Hunger Mountain - Vermont College Journal of the arts

Visiting with Karen Munro

by Claire Guyton

What inspired your story “Nocturne”?

I wrote this story so long ago, I don’t remember anymore where it came from. It was part of my thesis collection when I finished my MFA—in 1999. So yes, this little story has been hanging around more than ten years. To be fair it spent most of that time in a drawer (or actually on an old laptop) and it was only about a year ago that I rediscovered it, blew the dust off, and thought, Hm, this kid seems to have most of its limbs—maybe it could go out and earn a living somewhere. In a former version it was much more mannered and gawkily stylized, and a couple of editors saw it and suggested, gently, that maybe it did not have to be quite so extreme. Those were good and wise suggestions, and I did my best to follow them.

Tell us about your writing process—either generally or specifically with regard to the birth and development of this piece.

I work full-time, so I’m always hunting around for stretches of time greater than, say, the fifteen minutes I have in the morning before I run off to the bus. I write evenings and weekends, mostly. I used to try to get up early to write before work, but that exhausts me and after a few days I’m just pecking away with big bags under my eyes. I have a friend who gets up at 5:00 AM to write every day, and I’m in awe of her. She does not have big bags under her eyes. I have no idea why not.

I write best when I write every day, but for a long time I didn’t do that. I only really returned to a dedicated writing practice about two years ago, after many years of concentrating on my other professional life as a librarian, so I could eat.

I think I have eating covered now, but it’s sobering and humbling and a little daunting (and other things ending in “ing”) to realize: (a) how hard it is to find writing time and space and energy in a grown-up life, and (b) how hard it is to return to regular writing after so long away. But I think that in some ways, aging and being pulled in other directions has been good for me. It’s made me more honest with myself about why I’m doing this, and what I really value in stories: things like humor and compassion and little glimpses of the fantastic.

All writers have favorite words we have to guard against over-using. What are yours?

“Great,” in the sense of “large and imposing.” I should be charged a dime every time I drag that in. Also “dark,” which slips in everywhere because apparently my fiction-writing brain likes chiaroscuro. For a while, I, like everyone else, rammed birds into every nook and cranny. I’m probably still guilty of that one, actually—I have a crow in one piece I’m working on, and some grackles in another. (I forgot about the grackles!) I gravitate toward places and things that are old, abandoned, disused, handmade, grubby, and covered in rust. (My father-in-law says such things have “patina,” or “teener.”) I’m terrible with the em dashes: see above. Also semicolons and colons. I’ve also noticed a strange thing that crops up a lot in my own work, and in other people’s too: whenever I use a number in a sentence, I’ll use another number shortly afterward. There’s just something about saying “three weeks” that leads naturally to “eleven days.” Or whatever. I see that around a lot. So basically, my ur-sentence is something like:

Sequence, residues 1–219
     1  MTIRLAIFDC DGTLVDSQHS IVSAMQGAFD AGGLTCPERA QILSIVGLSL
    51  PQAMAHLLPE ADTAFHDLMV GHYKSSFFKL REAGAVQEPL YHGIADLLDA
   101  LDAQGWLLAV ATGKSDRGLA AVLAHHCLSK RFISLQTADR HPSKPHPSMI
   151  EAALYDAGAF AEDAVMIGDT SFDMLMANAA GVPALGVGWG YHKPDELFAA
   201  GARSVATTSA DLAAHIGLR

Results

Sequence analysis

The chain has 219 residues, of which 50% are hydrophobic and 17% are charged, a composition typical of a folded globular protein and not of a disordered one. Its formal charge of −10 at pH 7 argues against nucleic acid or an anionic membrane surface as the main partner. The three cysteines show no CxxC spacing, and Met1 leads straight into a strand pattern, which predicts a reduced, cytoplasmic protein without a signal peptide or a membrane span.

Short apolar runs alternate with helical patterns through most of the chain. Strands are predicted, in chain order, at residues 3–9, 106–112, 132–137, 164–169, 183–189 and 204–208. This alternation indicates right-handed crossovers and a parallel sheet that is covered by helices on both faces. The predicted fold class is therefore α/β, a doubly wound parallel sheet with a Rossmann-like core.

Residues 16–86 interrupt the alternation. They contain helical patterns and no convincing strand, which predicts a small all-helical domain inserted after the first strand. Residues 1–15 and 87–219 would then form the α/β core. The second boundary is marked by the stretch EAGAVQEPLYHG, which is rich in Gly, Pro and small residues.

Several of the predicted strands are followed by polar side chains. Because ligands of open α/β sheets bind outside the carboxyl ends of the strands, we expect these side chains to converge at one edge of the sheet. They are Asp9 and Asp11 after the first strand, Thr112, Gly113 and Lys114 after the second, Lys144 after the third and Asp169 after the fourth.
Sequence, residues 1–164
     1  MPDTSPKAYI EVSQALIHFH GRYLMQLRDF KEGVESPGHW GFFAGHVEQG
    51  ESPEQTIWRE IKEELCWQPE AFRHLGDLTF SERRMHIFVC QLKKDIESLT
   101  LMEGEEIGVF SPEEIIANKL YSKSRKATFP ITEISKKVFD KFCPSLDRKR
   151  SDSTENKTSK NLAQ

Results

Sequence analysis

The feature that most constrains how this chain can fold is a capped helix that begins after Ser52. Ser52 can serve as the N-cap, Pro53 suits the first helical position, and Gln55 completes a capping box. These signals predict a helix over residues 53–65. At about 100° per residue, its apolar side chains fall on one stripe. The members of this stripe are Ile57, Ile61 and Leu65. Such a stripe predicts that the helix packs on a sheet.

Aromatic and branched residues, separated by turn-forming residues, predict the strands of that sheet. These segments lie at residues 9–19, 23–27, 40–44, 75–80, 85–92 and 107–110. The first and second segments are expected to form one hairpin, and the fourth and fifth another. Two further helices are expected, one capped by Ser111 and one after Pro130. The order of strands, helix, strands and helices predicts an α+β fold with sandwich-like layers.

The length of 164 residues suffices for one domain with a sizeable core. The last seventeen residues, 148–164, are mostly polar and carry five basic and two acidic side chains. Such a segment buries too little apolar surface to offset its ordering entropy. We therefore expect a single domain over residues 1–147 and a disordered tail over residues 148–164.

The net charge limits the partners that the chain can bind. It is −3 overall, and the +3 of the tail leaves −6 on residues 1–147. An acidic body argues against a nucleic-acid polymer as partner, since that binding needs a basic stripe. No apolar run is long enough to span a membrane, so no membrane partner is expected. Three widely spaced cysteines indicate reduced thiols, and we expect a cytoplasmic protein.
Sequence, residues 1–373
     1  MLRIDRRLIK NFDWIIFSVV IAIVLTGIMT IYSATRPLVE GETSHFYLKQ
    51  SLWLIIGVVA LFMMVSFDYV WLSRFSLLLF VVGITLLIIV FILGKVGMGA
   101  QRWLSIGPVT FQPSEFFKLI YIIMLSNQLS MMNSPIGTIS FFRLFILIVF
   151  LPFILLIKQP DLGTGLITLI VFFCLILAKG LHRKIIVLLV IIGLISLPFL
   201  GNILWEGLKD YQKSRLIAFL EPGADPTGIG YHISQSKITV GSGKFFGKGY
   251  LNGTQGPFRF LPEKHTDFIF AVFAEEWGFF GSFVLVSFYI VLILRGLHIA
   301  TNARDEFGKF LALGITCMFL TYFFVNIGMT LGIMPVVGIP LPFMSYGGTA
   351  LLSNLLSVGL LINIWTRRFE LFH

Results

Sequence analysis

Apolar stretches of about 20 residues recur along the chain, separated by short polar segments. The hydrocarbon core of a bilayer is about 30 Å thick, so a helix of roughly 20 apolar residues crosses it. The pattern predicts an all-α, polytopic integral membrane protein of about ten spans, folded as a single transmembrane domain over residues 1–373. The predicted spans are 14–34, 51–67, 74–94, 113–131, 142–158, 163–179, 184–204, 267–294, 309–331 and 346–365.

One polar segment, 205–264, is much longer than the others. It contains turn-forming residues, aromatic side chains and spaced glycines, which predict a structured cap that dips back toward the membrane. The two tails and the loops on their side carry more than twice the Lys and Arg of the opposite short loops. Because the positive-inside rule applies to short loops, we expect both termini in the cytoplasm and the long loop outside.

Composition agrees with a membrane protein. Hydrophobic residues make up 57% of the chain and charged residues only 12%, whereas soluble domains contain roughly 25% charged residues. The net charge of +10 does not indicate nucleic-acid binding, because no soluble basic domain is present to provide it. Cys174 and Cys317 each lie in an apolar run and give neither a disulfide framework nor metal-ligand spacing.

“The six great dark birds—unobserved by human eyes—landed on the electrical poles two miles from the old power station; fortunately, the current had been shut off eleven years before: no feathers were lost.”


The cabin at Shotpouch Creek

What does your writing space look like?

I don’t have a dedicated space. I’m not sure what I’d do with one if I did have one. (Well, I guess I’d write in it. But I’d feel so overawed!) My wife is deliriously supportive of my writing, and she’s becoming an architect, so sooner or later she’ll probably trick the house out with some kind of writing studio/sauna/potting shed, to cater to all my vices at once. At that time she will be beatified. I’m of the school that one writes when and where one can, just as one reads and works and does other stuff. I also believe in tricking myself, bribing myself, and occasionally beating myself up.

Right now I’m working on a novel, four pages a day (almost) without fail, and I have a growing collection of short stories in various stages of experimentation and completion. It’s a little like The Island of Lost Toys—this one’s missing an eye, that one’s springs are shot. They all need love and attention and a coat of paint. So I’m super-excited and very grateful that I was just granted a two-week collaborative residency at The Cabin at Shotpouch Creek, just outside of Corvallis, Oregon. Two weeks of writing time in a forest cabin with a great writer friend—I’m ridiculously excited. I’m very, very excited. Did I mention that I’m excited? I am.

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{ 1 comment… read it below or add one }

bob putnam June 1, 2011 at 8:14 pm

What I love about this story is how the surreal becomes everyday. I’m not sure where this world is but you took me there, no questions asked. Thank you, bob


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